Landscape Institute Awards: Local Landscape Planning (Highly Commended). November 2010 71
Extract from Cambourne Landscape Structure Plan 1996 (RT)
11 Landscape Management 73
Landscape Management With over 300 ha of open space at Cambourne, its long term management has been a major consideration for the clients consortium. Randall Thorp have assisted the client by suggesting innovative partnership working with the County Wildlife Trust and Parish Council to minimise costs and maximise benefit for the client, the community and the environment. Randall Thorp have drawn up management proposals and maintenance contracts that meet the aims of all stakeholders and have taken these forward as traditional maintenance contracts and overseen the long term maintenance when this was transferred to other stakeholders.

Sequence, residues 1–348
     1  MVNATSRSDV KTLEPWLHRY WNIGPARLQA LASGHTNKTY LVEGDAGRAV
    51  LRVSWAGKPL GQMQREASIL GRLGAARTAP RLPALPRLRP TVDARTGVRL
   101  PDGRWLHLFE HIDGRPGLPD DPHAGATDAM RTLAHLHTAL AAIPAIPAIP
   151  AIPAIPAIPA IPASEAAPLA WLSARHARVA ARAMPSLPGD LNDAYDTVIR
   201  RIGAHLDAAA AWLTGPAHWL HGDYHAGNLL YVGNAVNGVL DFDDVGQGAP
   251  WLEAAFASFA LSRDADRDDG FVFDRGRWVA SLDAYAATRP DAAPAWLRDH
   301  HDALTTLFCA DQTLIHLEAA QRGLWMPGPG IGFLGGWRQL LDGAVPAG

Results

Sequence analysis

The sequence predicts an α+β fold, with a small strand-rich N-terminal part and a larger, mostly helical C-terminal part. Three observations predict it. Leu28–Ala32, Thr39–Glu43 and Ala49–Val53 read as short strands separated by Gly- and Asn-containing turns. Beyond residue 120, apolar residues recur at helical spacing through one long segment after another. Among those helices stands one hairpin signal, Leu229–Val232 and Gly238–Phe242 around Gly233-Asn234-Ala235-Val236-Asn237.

Key objectives: • Habitat enhancement and creation • Establishment of ecologically diverse landscapes (including open water and wildflower meadows) • Management and enhancement of existing landscapes (trees, woodland and hedgerow) • Establishment of large scale new woodland planting • Management of large scale sustainable drainage schemes (including lake and pond system)
Cambourne country park is the centrepiece of a 100ha County Wildlife Trust nature reserve
Randall Thorp’s role: • Research into long term, site wide management options • Negotiation of management aims • Production of site wide Landscape Management Plans • Procurement and monitoring of maintenance and management contracts • Overseeing standards of long term management • Drafting and implementing Woodland Management Plans • Drafting and implementation of Tree Management Plans Entrance to the country park